Kristof Finally Notices

1 comment March 26th, 2009at 11:27am Posted by Eli

Welcome to the party, Nic.

The expert on experts is Philip Tetlock, a professor at the University of California, Berkeley. His 2005 book, “Expert Political Judgment,” is based on two decades of tracking some 82,000 predictions by 284 experts. The experts’ forecasts were tracked both on the subjects of their specialties and on subjects that they knew little about.

The result? The predictions of experts were, on average, only a tiny bit better than random guesses — the equivalent of a chimpanzee throwing darts at a board.

“It made virtually no difference whether participants had doctorates, whether they were economists, political scientists, journalists or historians, whether they had policy experience or access to classified information, or whether they had logged many or few years of experience,” Mr. Tetlock wrote.

Indeed, the only consistent predictor was fame — and it was an inverse relationship. The more famous experts did worse than unknown ones. That had to do with a fault in the media. Talent bookers for television shows and reporters tended to call up experts who provided strong, coherent points of view, who saw things in blacks and whites. People who shouted — like, yes, Jim Cramer!

(…)

The marketplace of ideas for now doesn’t clear out bad pundits and bad ideas partly because there’s no accountability. We trumpet our successes and ignore failures — or else attempt to explain that the failure doesn’t count because the situation changed or that we were basically right but the timing was off.

(…)

So what about a system to evaluate us prognosticators? Professor Tetlock suggests that various foundations might try to create a “trans-ideological Consumer Reports for punditry,” monitoring and evaluating the records of various experts and pundits as a public service. I agree: Hold us accountable!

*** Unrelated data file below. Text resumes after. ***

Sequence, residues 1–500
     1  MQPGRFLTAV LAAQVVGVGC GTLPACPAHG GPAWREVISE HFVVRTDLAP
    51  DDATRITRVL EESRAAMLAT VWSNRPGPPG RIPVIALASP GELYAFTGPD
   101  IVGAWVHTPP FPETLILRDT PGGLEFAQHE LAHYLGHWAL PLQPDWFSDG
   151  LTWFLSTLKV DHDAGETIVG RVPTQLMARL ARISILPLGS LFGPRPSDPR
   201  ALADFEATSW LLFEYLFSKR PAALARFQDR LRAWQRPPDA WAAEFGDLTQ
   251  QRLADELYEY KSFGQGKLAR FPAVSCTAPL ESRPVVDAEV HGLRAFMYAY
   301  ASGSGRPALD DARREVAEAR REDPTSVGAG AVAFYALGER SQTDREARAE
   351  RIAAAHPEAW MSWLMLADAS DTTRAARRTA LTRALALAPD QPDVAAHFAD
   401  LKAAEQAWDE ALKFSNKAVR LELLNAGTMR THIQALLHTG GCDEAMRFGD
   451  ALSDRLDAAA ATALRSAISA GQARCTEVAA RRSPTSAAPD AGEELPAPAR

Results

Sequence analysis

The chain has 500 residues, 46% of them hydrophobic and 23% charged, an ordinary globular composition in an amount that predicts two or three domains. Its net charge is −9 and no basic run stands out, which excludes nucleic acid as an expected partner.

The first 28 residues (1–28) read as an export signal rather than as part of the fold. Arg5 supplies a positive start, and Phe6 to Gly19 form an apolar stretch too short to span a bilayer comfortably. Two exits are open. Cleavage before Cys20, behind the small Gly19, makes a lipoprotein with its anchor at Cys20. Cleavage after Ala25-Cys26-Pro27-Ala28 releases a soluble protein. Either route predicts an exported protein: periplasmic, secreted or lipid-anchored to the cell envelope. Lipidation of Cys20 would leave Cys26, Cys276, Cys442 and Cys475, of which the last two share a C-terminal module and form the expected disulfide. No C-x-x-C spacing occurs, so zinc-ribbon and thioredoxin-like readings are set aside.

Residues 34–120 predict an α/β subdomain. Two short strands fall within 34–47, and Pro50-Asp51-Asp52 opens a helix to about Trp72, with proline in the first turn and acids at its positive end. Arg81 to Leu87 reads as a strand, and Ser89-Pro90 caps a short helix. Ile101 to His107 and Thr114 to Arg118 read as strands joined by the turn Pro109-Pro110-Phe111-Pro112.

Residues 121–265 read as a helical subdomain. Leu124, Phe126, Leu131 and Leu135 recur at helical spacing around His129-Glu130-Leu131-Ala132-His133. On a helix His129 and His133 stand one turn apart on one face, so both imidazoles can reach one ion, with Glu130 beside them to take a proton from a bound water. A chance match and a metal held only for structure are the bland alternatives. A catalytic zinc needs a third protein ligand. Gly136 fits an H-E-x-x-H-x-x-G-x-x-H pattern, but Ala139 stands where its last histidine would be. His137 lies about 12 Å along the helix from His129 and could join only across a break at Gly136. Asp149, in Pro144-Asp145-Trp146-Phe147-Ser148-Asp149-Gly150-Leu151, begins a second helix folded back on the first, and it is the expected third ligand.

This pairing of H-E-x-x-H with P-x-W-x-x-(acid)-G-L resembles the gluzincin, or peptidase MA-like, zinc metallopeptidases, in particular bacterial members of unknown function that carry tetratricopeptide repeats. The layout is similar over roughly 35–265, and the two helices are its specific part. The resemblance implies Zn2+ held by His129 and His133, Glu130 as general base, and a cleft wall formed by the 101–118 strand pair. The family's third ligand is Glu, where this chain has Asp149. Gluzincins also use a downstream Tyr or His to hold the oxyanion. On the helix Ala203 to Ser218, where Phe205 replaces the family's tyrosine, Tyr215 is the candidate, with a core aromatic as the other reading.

Ah, accountability.  So very valuable, and yet so hard to find.  And its absence screws up everything.  If we had a culture of accountability instead of a culture of impunity, we wouldn’t be in Iraq, we wouldn’t be illegally spying or rendering or torturing, and our economy wouldn’t be in the toilet.

We’ve turned into a country-sized version of the guy who plays Xbox and watches TV all day and eats nothing but ice cream and junk food, and just can’t understand why he can’t get a date or walk around the block without wheezing.

Entry Filed under: Media

1 Comment

  • 1. Ol'Froth  |  March 26th, 2009 at 4:29 pm

    We trumpet our successes and ignore failures — or else attempt to explain that the failure doesn’t count because the situation changed or that we were basically right but the timing was off.

    So basically, the punditcracy are the smae as psychics…nothing but frauds.


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